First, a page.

The Foundation for Community Association Research has just released an update to its Zogby 2007 telephonic national survey of Americans who live in common-interest communities. The nationally representative surveys are conducted to assess the perceptions of those who living in common-interest communities and to identify recent trends. Zogby conducted telephone interviews with 709 randomly selected adults residing in homeowners associations, condominiums, cooperatives and other planned communities—collectively called “community associations” in this summary. The margin of error is +/- 3.8 percentage points.
There are too many issues to be easily summarized here; the survey reaffirmed that a majority of those who live in community associations approve of their governance; according to the survey, “residents seem willing to trust the judgment of community association management to make decisions on their behalf, as three quarters are against the government forcing associations to allow clothes lines, six in ten think associations have the right to control the scope and placement of solar panels on individual homes to maintain architectural standards, and two thirds say that the elected board should determine how community associations prioritize and address environmental issues.”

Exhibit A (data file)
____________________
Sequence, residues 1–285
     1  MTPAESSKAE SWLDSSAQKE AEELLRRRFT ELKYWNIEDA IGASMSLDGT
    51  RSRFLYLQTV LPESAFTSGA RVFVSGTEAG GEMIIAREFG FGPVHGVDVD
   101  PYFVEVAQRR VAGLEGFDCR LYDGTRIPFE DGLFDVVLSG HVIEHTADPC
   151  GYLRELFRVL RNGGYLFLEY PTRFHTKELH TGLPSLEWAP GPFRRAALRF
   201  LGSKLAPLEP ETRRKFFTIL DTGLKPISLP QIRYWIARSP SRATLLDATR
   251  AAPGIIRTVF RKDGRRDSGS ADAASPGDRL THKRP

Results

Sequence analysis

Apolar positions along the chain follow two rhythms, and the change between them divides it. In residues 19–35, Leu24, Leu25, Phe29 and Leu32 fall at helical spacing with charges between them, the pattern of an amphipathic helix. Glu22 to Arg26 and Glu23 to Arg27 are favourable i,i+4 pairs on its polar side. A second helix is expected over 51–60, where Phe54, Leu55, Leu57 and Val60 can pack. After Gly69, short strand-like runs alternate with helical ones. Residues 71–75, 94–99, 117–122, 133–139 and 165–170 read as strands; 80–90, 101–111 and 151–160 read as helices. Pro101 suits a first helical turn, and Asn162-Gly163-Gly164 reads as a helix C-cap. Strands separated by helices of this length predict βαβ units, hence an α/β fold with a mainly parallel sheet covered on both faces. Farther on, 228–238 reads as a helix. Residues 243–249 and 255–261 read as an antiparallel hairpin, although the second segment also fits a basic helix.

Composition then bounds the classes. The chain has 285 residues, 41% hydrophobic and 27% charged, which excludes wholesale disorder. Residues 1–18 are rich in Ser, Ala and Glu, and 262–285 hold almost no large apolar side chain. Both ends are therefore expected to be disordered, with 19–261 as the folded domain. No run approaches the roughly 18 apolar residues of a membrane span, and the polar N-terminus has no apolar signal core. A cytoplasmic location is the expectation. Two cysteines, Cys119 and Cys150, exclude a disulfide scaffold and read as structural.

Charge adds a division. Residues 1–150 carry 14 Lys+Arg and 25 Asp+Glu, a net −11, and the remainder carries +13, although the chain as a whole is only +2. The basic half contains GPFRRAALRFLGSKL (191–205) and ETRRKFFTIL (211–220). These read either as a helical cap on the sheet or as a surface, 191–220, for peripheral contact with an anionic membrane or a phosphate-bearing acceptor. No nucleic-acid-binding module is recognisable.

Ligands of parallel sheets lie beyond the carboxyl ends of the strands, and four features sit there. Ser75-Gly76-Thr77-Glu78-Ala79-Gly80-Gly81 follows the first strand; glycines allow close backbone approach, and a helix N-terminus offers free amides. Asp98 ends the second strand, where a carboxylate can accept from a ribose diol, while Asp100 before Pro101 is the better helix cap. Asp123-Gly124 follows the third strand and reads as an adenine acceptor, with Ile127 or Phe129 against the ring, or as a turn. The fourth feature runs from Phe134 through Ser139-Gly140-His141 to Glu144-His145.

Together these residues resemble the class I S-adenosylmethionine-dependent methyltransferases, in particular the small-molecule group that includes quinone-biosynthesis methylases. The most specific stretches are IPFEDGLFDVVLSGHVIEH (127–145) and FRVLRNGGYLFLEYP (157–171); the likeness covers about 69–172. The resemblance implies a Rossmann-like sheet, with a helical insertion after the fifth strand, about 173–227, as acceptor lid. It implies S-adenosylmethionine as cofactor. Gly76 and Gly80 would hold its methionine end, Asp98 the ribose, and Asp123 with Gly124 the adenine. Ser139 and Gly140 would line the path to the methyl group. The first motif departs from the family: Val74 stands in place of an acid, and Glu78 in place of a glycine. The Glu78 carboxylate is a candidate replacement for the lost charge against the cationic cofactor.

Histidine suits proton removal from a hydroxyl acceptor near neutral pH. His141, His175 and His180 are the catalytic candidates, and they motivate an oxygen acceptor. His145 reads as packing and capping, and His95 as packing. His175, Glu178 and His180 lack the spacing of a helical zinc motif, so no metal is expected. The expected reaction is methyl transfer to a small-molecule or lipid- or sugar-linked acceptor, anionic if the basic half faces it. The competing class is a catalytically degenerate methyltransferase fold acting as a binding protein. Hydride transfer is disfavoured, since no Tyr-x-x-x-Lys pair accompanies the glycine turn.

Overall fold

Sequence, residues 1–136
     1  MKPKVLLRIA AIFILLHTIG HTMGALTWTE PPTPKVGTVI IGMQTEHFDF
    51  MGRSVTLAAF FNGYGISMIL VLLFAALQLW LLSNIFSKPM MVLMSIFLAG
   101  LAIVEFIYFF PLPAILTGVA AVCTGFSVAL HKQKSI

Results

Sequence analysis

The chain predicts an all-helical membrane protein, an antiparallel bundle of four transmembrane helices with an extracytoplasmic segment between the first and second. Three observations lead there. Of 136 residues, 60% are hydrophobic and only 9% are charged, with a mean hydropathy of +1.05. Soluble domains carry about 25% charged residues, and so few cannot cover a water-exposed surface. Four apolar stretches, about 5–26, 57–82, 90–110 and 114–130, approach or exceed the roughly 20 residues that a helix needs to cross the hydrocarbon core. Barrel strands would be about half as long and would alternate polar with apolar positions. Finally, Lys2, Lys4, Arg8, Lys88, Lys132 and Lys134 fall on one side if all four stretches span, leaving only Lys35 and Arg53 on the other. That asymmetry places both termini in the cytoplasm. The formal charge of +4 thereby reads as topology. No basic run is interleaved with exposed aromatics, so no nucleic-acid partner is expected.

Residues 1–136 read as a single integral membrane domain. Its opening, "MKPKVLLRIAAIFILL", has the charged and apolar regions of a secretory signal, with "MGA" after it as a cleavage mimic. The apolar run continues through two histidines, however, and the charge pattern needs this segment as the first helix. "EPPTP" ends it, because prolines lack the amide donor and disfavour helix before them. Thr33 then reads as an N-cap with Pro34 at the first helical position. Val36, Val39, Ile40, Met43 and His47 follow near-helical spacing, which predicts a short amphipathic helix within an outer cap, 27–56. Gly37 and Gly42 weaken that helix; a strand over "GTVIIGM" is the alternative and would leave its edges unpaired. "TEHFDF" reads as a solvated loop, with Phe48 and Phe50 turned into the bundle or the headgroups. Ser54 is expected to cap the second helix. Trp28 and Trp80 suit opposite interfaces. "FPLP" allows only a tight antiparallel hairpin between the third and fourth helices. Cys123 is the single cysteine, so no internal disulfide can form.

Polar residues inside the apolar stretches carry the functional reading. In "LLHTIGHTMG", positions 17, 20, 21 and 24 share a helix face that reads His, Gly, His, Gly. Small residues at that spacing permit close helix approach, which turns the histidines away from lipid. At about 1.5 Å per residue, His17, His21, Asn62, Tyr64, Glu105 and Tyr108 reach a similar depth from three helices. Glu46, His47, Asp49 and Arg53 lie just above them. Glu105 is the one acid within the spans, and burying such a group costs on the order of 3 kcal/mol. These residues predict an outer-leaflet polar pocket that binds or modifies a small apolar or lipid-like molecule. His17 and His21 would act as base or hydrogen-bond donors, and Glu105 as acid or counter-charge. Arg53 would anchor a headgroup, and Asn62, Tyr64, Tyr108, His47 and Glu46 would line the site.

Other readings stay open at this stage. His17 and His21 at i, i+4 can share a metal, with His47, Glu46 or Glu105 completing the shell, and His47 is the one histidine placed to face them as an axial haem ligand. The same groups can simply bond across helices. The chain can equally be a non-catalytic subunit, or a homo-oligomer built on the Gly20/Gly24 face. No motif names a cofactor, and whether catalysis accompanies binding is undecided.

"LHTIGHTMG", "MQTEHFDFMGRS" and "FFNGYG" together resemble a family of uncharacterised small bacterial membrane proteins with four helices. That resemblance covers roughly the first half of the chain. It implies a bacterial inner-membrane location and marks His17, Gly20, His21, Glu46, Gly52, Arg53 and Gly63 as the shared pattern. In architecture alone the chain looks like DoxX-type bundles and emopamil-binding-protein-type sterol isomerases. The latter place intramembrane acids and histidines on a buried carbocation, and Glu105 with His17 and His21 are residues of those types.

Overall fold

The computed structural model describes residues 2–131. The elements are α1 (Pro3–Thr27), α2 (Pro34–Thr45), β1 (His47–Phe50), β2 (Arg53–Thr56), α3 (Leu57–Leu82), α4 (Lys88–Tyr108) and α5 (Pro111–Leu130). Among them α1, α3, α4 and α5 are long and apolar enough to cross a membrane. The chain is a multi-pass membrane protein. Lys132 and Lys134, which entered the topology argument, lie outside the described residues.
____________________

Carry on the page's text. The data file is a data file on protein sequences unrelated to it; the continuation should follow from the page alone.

A pdf copy of the survey is available here.